Renewables Sector Expands with 'Renewable Nature'

Launch of new greentech venture opens the 'renewable nature' sector

The group that publish Surviving and invented the commercial diary 200 years ago have launched an ambitious new greentech venture called Letts Safari. Letts Safari was created to expedite the move to 'renewable nature', obtained through nature regeneration and surface-based carbon capture.

It sits within a growing movement to accelerate the removal of carbon dioxide. To date most commercial activities and greentech companies have focused on reducing emissions by providing alternatives to fossil fuels. Letts Group have been focused on the other side of the equation - carbon removal and storage. Their first greentech venture potentially expands the renewables universe to include renewable nature. At the same time it tackles the biodiversity crisis, which could prove equally timely.

Letts Safari harnesses the energy of the environmental movement and gives those involved actions to take beyond protest. It enables all people to do something about climate change. Members subscribe to a digital platform at that builds next generation safari parks - one tree, one animal, one new park at a time. Every 10 subscribers they plant a tree a year, every 100 subscribers they release a wild animal, and every 10,000 subscribers they will create a new, real-world safari park a year. Their first safari park is up and running in southwest, England.

The Letts remind us of the threat of climate change. “Our soil and waterways are so damaged that they're no longer able to absorb the carbon we produce. As a result emissions are trapped in the atmosphere creating pollution, violent storms, droughts, flooding and wildfire. We’re losing wildlife and plants faster than ever before. We need to do something about it.”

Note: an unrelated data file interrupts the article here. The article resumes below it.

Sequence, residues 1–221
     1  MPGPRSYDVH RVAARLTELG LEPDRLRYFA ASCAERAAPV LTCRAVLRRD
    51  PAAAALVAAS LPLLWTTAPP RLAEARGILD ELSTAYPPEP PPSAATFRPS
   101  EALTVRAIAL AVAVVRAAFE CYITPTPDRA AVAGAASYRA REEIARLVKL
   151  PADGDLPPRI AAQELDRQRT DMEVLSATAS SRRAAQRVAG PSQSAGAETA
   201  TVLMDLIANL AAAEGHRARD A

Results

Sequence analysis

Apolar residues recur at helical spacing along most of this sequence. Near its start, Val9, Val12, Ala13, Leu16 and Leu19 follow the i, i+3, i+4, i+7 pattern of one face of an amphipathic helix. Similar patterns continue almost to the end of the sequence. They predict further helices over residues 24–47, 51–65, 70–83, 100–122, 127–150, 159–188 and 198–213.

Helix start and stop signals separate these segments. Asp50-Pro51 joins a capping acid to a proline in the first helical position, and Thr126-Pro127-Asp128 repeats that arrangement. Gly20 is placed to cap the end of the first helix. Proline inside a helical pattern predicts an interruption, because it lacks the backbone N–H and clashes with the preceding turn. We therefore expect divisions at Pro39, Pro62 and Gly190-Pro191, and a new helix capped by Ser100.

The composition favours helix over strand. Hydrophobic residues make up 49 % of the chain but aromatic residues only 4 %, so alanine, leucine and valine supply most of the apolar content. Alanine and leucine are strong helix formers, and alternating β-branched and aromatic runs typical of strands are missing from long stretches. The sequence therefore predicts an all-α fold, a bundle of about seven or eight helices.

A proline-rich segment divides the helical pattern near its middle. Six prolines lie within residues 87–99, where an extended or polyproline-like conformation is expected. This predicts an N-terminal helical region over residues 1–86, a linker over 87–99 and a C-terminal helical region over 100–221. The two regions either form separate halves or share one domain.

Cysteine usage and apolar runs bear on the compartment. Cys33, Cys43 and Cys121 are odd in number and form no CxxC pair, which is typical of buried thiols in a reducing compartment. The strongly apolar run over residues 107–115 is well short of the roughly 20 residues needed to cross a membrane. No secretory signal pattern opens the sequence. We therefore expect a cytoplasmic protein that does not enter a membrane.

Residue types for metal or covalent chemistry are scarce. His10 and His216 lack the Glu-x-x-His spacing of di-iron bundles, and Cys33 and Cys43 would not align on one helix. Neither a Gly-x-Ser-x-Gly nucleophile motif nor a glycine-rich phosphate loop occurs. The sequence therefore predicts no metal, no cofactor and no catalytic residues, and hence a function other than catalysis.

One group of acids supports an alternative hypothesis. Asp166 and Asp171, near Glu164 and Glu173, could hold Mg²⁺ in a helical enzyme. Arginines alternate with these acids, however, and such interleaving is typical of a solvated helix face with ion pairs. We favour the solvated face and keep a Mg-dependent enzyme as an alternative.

Letts Safari offers a simple answer by building rewilding safari parks that do something about climate change. Their parks rapidly repair soil and waterways so they can absorb carbon dioxide, and ensure that trees and plants thrive naturally, providing habitats for wildlife.

When you subscribe to Letts Safari they plant trees, release wildlife and build new habitats. Each tree they plant removes 1 tonne of carbon dioxide during its life. They also remove carbon with scrub, wild grasses, wetland and bog.

Once they get enough subscribers they will create more eco safari parks – with their members – to make a bigger difference. Hopefully along the way members will get inspired to build a mini wildlife haven in their backyard, at work, school and in their community. They'll share the secret source.

Subscribers to Letts Safari get a front row seat at the safari parks. With video footage, hidden cameras, wildlife photography and stories that transport them to the wild - online.

The Letts accidentally discovered rewilding in 2006 when they decided to create a small, wild space outside New York. They built an ecosystem of wild grasses, wildflower, shrub, scrub and trees on just a few acres. Before they knew it the wildlife started arriving. First insects, bugs and snakes. Then birds and mammals. A wasteland turned into a wildlife haven in just a couple of years.

They decided to do it again in a larger space. In 2014 they bought an old, run down 100 acre park and garden on the outskirts of Exeter, in the southwest of England. It was a mess. Today it’s a leading rewilding wildlife park. They created Letts Safari so they can share this fascinating new approach to 'renewable nature' and build many more safari parks. What they accidentally discovered back in 2006 is today called smaller-scale rewilding. If enough of us do enough of it, we can help fix the climate problem.


It looks like a fascinating new greentech offering - providing a mass market approach to rewilding with a digital, subscription economy wrapper. It could prove a timely way for us to offset carbon and restore nature, while reducing emissions and rebuilding biodiversity. You can subscribe to Letts Safari from £3.50 a month or £35 annually.

It is time for us to start moving beyond a narrative which is focused on climate analysis and blame/scare stories, to a more positive and inclusive movement for specific environmental action. After all, where there’s mass market action, there’s hope.

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